FOR OR AGAINST

Mitt Romney’s Double Challenge: Focus On Economy, Don’t Cheer Bad News

To win, he must stay focused on the economy while somehow not appearing to root against the recovery.

Spencer Platt / Getty Images

A troubled economy is always the sitting president’s fault. It was when Ronald Reagan defeated Jimmy Carter, when Bill Clinton defeated George H.W. Bush, and when Barack Obama defeated John McCain by running against George W. Bush.

At about this time in 2008, candidate Obama campaigned against high gas prices, then at $3.50 a gallon, and against high unemployment, then at 5.5 percent, having seen “the greatest rise in more than 20 years.”

Today the average cost for a gallon of gas is $3.94, after dropping to $1.85 prior to Obama’s inauguration. And the unemployment rate is at 8.2 percent. Though this is the lowest rate in three years, the number of Americans working is still below the number working in January 2009.

But in this election year, don’t blame it on Obama. We’re told it’s not his fault. Blame it on Republicans—even though they control only one-half of one-third of the federal government.

Other than war and peace, modern-day elections always turn on the economy. If the economy is good, the incumbent will likely face an easy reelection. If the economy is bad, the advantage should go to the challenger. I say “should” because the challenger’s campaign has to keep the focus slavishly on the economy while the incumbent tries just as furiously to refocus the election elsewhere.

In 1980 Reagan kept the message simple: he would lower taxes, decrease federal spending, and increase domestic energy to reinvigorate the flagging economy. It worked. He won 90.9 percent of the electoral vote.

By 1992, the economy had slowed down. And though Bush 41 was immensely popular after Desert Storm, many voters, especially within his own party, never forgave him for breaking his campaign promise not to raise taxes. A sign was posted in Clinton’s campaign war room: “It’s the Economy, Stupid.” And it was. Bush earned only 37.5 percent of the popular vote, having to battle against the competing economic views of Ross Perot, with 18.9 percent, and Clinton, who won with 43 percent.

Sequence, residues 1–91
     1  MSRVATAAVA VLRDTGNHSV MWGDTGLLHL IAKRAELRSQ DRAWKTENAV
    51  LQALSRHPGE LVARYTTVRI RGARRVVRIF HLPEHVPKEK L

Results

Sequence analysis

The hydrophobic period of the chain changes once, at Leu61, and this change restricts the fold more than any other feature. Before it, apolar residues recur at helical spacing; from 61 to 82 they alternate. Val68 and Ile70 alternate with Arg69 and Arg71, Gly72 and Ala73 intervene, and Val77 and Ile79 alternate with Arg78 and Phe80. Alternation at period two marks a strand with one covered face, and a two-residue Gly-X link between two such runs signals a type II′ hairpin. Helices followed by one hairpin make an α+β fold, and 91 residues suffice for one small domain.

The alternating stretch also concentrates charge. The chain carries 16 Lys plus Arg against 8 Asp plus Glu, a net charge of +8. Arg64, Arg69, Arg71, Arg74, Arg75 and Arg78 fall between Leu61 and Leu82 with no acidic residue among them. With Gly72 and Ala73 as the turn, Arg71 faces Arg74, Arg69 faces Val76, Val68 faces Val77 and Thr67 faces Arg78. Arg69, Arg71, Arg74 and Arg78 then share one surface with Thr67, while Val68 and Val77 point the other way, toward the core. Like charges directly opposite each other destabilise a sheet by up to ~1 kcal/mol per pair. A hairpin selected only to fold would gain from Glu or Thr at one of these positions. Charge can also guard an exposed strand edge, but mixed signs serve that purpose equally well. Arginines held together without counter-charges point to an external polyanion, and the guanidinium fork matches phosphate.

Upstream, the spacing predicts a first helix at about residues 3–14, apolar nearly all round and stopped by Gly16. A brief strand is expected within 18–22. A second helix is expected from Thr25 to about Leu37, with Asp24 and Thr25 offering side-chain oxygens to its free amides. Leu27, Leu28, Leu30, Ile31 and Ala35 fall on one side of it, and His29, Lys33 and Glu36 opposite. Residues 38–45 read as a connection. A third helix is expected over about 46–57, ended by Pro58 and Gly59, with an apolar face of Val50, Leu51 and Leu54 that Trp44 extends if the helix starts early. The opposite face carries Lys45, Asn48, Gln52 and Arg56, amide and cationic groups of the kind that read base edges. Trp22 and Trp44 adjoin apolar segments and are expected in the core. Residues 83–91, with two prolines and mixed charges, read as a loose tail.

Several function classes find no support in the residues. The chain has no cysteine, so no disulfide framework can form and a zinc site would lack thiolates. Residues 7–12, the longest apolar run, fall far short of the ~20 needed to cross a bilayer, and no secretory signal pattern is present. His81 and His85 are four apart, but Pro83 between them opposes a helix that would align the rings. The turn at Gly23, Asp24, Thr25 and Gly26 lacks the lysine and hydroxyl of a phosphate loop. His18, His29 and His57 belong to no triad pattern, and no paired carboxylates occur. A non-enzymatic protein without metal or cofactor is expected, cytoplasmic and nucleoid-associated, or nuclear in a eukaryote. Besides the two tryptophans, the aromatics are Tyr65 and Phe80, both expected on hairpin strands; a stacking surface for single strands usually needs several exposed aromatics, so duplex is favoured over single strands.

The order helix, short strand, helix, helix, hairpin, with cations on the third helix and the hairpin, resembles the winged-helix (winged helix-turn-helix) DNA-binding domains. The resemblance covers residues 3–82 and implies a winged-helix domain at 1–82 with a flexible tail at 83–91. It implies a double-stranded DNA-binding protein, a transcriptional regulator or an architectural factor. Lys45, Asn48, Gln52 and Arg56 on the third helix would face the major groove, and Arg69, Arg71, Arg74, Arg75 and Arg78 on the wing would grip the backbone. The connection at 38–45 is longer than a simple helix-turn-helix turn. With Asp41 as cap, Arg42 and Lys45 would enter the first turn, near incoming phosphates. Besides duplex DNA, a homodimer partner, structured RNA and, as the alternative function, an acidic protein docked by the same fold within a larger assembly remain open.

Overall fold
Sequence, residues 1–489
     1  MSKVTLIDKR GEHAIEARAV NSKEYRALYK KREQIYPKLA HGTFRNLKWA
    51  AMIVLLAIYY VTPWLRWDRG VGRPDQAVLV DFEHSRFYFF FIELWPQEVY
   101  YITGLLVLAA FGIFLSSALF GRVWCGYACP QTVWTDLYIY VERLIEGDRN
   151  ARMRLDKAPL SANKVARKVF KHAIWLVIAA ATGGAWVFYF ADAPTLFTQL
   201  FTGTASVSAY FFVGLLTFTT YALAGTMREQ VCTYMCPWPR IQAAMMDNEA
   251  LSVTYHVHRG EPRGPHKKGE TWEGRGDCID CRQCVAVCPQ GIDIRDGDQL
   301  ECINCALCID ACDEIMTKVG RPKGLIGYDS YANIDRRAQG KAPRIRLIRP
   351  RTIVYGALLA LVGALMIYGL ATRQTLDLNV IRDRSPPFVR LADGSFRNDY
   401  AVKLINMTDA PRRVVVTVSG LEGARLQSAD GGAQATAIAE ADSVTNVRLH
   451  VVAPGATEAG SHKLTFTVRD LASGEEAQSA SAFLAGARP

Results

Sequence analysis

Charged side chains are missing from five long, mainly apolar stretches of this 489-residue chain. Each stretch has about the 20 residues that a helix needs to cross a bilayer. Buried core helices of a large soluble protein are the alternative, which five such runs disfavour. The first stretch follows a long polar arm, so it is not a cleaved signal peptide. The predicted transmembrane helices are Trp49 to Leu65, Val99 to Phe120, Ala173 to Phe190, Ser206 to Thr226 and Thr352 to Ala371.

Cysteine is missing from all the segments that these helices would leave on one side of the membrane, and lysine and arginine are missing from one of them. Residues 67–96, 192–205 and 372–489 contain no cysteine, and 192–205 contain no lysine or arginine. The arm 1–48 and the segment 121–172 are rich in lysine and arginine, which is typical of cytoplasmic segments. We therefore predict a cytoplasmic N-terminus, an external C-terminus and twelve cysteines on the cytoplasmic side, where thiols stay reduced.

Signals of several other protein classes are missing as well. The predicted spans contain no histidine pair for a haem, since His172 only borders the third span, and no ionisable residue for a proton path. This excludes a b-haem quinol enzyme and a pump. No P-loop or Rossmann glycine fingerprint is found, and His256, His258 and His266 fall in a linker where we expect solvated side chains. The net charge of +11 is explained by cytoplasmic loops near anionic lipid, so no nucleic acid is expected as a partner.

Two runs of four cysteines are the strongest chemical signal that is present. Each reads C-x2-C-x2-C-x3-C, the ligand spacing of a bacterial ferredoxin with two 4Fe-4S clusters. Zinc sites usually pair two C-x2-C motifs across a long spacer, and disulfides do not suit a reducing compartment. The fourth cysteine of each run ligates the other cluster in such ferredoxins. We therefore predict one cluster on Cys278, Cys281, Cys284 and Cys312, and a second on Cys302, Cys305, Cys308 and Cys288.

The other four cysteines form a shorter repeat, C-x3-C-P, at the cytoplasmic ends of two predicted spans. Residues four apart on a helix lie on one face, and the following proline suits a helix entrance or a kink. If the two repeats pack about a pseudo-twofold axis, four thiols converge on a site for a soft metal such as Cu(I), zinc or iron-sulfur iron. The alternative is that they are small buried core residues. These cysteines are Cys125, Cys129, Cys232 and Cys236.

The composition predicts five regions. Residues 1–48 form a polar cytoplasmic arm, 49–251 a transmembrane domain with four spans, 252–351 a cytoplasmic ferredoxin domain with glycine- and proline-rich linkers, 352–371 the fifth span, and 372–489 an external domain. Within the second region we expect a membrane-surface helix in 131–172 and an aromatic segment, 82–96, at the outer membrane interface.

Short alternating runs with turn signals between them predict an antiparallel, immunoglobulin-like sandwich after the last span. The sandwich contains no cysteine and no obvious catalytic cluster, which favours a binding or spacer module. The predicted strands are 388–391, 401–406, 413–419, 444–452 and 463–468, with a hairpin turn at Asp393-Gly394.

Jobs numbers have been looking good for Obama, increasing by more than 200,000 for three straight months prior to stalling in March with only 120,000 jobs added. This creates questions. And Team Obama may also be experiencing this fiscal uncertainty as fundraising for the president reportedly has fallen behind.

While there is debate among economists about the extent and duration of recovery, that is all academic. The changes are not yet felt on Main Street. And in an election year, that’s where it matters most.

The messaging challenge for the Republican Party and its presumptive presidential nominee, Mitt Romney, is to keep the focus on the economy without appearing to talk down the recovery. With the Obama messaging machine gearing up, it also will be a challenge not to get distracted by the many diversions to be thrown.

When the American public is so desperate for good news on the economic front, how does Mitt Romney throw a wet blanket on what appears to be a recovery? How do Romney and the Republicans not appear as if they are rooting for bad news for the next six months? It takes leadership. It takes vision. It takes being bold and telling the truth. It takes laying out a real plan that takes the country past November and well into the future. And it takes articulating change people can believe in.

And it means convincing the American people that getting better is not good enough.

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With a troubled economy and wars abroad, the nation reached fatigue in eight years under President Bush. Are we fatigued again in just three years under President Obama?